OPERATOR: Certainly. The next question comes from Margaret Brennan with CBS News. Please go ahead.

QUESTION: Thank you for doing this call. Would you clarify how the U.S. views the degree of unrest right now beyond Kyiv? There was some mention of some unrest in the west and in the east, but if you could clarify that.

And also, just to go back to the statement in regard to the concern about not being able to make contact with Ukrainian military leaders, in what way is that being expressed by the U.S. Government right now, particularly in regard to perhaps sanctions or financial support?

SENIOR STATE DEPARTMENT OFFICIAL: On the last question, we have in the past been able to get through on the phone. Somebody’s typing without being on mute.

We have in the past been able to get through to senior military and intelligence officials relatively quickly for our senior officials to make contact and to express our view with regard to allowing peaceful protest and allowing political compromise. We have been trying to reestablish those contacts over the last few days, I would say, and nobody’s picking up the phone on the Ukrainian side, which is worrying.

What was your second question, Margaret? Sorry.

QUESTION: I was asking about the degree of unrest beyond Kyiv right now.

SENIOR STATE DEPARTMENT OFFICIAL: Right. So as you know, we don’t have consulates across Ukraine, so we are dependent on information we get from Ukrainian sources. But my understanding as of about an hour ago was that we had in at least eight provinces in Ukraine, we had significant opposition activity to take over government headquarters; in some cases to take over Ministry of Interior buildings, that we also had clashes in three or four provinces across eastern Ukraine. We don’t at this stage have a lot of data about that.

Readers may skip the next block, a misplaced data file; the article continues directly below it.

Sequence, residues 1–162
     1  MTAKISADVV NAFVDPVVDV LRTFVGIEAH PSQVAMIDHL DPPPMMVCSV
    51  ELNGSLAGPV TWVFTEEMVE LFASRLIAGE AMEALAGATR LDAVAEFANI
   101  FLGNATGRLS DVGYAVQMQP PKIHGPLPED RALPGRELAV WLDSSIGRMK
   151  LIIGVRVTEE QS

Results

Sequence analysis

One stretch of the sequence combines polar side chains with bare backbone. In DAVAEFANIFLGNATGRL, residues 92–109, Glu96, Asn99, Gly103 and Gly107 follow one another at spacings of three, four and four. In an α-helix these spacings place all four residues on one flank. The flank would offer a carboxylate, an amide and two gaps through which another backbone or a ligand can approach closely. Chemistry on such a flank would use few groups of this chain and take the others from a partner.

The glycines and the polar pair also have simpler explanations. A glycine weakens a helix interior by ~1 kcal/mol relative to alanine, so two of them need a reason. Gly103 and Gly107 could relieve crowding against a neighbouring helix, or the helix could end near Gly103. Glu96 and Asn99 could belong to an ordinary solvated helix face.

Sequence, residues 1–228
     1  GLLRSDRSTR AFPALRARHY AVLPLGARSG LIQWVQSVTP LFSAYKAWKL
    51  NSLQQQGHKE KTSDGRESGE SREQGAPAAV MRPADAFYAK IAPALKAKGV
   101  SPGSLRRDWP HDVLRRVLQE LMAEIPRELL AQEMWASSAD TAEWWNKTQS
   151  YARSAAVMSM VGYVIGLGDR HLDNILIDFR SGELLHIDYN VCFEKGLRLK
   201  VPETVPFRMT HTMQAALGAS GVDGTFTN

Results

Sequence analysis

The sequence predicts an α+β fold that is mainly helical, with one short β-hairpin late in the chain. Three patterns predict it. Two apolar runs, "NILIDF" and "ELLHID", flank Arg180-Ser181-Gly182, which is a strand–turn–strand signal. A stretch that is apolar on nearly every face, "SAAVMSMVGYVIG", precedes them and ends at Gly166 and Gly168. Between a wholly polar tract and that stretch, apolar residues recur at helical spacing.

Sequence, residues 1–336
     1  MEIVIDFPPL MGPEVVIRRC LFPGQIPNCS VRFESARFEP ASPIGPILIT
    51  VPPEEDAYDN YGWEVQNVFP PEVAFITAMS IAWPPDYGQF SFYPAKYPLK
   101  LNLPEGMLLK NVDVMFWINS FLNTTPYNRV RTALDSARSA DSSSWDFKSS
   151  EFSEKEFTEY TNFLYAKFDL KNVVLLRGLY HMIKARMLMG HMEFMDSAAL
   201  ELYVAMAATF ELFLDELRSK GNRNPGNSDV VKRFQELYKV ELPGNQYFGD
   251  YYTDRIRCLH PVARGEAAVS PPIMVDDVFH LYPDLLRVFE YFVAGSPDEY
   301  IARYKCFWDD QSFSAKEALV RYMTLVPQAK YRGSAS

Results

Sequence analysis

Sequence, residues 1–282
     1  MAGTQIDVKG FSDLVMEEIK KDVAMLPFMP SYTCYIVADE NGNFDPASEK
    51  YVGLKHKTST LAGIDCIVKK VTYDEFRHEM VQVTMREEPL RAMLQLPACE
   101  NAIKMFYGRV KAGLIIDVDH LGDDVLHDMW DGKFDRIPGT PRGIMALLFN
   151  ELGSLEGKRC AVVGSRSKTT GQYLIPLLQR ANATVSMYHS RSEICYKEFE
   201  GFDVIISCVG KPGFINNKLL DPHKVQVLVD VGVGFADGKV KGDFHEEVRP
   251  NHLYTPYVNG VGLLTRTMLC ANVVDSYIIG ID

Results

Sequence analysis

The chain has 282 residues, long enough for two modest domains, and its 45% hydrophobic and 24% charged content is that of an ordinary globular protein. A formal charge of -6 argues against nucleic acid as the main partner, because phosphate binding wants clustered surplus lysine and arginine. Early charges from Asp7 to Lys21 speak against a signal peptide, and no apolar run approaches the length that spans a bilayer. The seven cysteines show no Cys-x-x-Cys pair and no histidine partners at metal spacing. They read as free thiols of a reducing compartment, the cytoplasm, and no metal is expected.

In western Ukraine, where, as you know, they have been sympathetic historically to Europe – they live next to Europe, they can understand and see the benefits of integration with Europe – we have had information to indicate that in some cases when opposition parties marched either on riot police headquarters or on government headquarters, those inside were sympathetic enough to them to hand over the keys. And in fact, there’s at least one report of riot police officers in western Ukraine staging their own march to beg the forgiveness of the Ukrainian people for what happened in Kyiv yesterday.

MODERATOR: Okay. We will take the next question, please.

OPERATOR: Okay, and the next question comes from Anne Gearan of Washington Post. Please go ahead.